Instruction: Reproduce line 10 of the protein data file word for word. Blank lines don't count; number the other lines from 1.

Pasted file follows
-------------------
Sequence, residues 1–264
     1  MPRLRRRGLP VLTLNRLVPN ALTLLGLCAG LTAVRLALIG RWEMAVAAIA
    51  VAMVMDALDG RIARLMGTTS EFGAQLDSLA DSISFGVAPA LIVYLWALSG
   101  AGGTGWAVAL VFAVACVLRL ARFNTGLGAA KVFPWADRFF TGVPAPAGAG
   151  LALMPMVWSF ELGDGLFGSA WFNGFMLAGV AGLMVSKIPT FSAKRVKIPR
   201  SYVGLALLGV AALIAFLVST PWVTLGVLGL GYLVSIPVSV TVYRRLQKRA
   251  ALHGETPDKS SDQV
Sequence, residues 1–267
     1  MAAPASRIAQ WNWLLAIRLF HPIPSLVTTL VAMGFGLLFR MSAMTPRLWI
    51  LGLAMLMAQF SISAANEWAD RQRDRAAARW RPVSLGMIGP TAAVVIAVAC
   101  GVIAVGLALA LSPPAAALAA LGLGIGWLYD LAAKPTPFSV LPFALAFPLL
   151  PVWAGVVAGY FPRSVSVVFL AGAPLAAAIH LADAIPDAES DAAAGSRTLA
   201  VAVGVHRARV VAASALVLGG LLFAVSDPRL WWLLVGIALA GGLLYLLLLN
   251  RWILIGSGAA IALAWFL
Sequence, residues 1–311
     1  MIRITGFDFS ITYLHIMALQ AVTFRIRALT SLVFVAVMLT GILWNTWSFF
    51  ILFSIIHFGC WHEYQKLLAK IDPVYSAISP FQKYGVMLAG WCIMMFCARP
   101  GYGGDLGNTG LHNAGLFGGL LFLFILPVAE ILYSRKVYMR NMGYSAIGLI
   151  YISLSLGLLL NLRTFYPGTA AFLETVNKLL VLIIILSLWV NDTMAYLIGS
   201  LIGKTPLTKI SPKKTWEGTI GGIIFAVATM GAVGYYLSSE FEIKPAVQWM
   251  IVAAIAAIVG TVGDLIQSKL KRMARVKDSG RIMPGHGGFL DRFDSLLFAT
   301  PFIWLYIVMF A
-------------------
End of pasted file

    51  LGLAMLMAQF SISAANEWAD RQRDRAAARW RPVSLGMIGP TAAVVIAVAC